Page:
“We can continue to build on what we are doing,” Supervisor Susan Ellenberg told San José Spotlight. She added the county is investing $40 million in housing for older adults with cognitive and developmental disabilities.
Since 2020, the county has lifted 6,353 households off the streets, data shows. In 2021, more than 500 people who were at least 45 got off the streets and into housing, according to the county.
Beyond housing needs
But challenges facing the senior population are also beyond the housing crisis, advocates and experts said. Many seniors don’t have any life savings and rely on social security checks that barely cover their food and basic needs. They are further burdened with physical and mental illnesses that come with old age and living on the streets.
This was Nichols’ plight. She suffered from thyroid disorder and cirrhosis of the liver. She went to emergency rooms several times where she was turned away before she succumbed to her illness, Rodriguez said.
Even when a senior gets into affordable housing, they likely need further subsidies and supportive care.
“If they’re frail and vulnerable, or if they’re suffering from health issues later in life, I think they’re going to need even more help once they’re in housing,” said Ray Bramson, chief operating officer of Destination: Home and San José Spotlight columnist.
Nichols’ younger sister, who’s in her 40s, was also homeless in San Jose but was fortunate to find housing, Rodriguez said.
“What’s the difference between them?” Rodriguez said. “I feel like they just pick and choose who they want to help.”
Not enough care
Alpana Agarwal, founder of nonprofit Helping Hands Silicon Valley, said the lack of care for seniors has also fueled the lack of trust among the population.
“They have seen so many broken promises,” Agarwal told San José Spotlight. “They have been disappointed so many times that some now refuse help.”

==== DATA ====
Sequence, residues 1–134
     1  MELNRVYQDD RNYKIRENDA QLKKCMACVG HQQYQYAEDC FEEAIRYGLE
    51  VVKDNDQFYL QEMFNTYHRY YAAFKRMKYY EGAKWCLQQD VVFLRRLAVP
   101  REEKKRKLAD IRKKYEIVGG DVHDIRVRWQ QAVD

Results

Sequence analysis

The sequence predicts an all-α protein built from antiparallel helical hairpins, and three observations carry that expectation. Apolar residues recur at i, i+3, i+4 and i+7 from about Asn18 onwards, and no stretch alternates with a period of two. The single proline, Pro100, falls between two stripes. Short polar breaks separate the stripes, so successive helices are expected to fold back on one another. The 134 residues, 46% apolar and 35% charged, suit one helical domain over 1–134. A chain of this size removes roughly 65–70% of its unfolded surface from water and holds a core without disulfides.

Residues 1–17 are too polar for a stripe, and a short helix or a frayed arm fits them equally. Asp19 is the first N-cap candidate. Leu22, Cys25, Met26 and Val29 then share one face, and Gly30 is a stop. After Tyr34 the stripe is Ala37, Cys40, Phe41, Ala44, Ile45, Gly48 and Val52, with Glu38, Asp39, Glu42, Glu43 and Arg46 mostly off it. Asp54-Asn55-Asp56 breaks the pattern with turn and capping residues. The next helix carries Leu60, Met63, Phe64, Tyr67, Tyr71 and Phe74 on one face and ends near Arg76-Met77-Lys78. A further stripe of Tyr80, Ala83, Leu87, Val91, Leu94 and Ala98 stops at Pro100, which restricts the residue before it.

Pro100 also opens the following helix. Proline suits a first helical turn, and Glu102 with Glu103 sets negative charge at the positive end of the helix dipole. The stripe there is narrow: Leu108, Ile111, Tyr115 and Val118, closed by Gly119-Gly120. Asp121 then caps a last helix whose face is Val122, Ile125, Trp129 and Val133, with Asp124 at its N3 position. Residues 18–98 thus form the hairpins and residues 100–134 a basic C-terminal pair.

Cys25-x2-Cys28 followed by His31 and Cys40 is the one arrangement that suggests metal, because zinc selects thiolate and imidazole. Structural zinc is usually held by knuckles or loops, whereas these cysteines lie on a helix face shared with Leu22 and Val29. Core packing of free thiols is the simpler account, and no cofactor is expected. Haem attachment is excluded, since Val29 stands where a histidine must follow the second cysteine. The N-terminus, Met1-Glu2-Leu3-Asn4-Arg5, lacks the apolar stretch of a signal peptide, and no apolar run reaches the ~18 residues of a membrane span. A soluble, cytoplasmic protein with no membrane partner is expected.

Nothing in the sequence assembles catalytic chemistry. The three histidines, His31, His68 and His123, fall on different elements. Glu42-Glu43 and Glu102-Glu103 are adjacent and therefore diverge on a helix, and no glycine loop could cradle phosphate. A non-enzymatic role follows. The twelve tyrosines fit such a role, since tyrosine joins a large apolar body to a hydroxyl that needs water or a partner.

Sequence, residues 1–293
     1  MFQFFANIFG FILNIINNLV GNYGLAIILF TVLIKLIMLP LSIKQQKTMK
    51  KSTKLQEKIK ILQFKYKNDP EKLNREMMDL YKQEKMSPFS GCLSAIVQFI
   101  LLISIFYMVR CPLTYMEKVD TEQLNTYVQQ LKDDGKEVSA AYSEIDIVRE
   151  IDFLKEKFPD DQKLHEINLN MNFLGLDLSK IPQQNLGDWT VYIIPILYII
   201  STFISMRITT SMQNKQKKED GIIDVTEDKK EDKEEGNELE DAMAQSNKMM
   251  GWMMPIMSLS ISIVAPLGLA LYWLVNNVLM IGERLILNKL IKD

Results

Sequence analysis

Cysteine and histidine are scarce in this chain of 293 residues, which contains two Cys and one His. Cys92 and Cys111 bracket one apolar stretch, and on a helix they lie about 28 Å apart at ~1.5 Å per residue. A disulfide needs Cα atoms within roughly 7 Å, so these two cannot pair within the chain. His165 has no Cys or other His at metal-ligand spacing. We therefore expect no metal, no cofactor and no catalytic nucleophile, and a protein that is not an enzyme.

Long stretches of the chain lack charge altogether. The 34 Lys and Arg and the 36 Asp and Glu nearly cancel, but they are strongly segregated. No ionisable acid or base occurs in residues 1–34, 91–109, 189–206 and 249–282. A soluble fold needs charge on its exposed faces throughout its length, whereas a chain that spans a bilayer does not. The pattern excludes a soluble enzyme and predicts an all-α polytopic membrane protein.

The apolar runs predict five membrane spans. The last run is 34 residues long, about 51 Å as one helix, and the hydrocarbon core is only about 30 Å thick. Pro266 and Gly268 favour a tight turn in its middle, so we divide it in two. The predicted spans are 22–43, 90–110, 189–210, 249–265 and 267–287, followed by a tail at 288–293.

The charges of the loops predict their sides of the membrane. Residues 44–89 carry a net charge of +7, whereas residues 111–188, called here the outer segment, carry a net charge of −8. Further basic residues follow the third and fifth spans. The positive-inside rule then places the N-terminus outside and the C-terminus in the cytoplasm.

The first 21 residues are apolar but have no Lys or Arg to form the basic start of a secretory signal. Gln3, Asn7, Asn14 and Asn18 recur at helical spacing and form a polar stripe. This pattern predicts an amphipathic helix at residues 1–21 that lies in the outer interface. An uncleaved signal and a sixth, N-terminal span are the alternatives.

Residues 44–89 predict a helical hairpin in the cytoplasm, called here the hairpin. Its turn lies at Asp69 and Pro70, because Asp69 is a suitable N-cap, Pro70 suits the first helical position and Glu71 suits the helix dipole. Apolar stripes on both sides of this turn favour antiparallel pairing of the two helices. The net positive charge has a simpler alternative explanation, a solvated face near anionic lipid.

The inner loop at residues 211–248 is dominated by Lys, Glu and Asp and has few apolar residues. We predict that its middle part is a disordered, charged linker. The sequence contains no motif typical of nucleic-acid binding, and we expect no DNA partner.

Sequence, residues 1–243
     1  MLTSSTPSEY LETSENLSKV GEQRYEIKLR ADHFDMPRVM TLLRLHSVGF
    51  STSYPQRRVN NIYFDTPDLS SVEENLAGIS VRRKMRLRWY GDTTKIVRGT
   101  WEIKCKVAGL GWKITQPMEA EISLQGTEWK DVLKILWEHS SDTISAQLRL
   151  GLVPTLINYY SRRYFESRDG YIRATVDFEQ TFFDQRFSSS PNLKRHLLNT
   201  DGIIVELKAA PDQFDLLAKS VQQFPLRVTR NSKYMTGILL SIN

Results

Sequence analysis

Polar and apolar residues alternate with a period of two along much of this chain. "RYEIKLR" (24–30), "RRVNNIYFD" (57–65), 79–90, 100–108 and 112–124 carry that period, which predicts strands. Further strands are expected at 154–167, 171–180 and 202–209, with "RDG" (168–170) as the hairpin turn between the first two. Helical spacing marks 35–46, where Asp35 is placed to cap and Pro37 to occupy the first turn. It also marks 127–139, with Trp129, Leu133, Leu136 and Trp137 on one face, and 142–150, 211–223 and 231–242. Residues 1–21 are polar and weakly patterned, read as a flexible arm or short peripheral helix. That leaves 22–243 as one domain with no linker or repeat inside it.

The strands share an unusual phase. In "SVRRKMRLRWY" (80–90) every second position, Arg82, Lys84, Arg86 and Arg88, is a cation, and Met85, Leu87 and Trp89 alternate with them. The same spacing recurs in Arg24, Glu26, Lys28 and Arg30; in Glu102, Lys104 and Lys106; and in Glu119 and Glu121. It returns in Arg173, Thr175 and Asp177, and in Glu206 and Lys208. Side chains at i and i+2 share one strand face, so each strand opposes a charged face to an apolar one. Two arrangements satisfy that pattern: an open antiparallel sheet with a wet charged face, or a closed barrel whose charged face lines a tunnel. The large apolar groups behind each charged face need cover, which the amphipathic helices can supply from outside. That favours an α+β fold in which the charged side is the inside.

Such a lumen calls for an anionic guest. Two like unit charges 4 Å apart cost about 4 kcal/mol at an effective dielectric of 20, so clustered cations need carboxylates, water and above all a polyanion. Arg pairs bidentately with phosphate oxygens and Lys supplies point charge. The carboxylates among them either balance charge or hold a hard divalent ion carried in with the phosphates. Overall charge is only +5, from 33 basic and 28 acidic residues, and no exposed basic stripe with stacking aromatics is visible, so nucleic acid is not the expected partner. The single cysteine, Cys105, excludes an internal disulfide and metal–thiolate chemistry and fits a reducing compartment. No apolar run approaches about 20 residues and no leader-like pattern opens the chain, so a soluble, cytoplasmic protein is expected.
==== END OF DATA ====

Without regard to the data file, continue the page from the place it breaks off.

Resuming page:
She is working with Rose Gregorio, a registered nurse and homeless advocate in Sunnyvale, to help a mother-son duo who has been unhoused for years.
Linda Martinez, 73, was hospitalized in Sunnyvale recently due to seizures, but she was discharged back to the streets with nowhere else to go. Her adult son Ronnie, who is also homeless, has mild autism. They were already on a waiting list to get into a local shelter, but the facility wouldn’t take them citing a capacity issue, Gregorio said. They’re staying in a hotel after Gregorio started a GoFundMe page.
“It should not take four or five people, pulling our own connections, to get help,” Gregorio told San José Spotlight. She has pushed county and city officials to intervene with no luck—calling only to have the county’s homeless hotline ring on with no one answering.
Linda Martinez, visibly shaking at the thought of being homeless again, said she only gets $1,006 a month from social security checks.
“Why won’t they help us?” she cried.
In Gilroy, Rodriguez now spend her days wondering how she could have done more to save her mother. She recently took her two teenage daughters, Alexis and Allisa, to a nearby park to celebrate Nichols’ birthday.
“My mom used to sit at this gas station in San Jose,” Rodriguez said. “I still look for her whenever I drive by.”
Contact Tran Nguyen at [email protected] or follow @nguyenntrann on Twitter.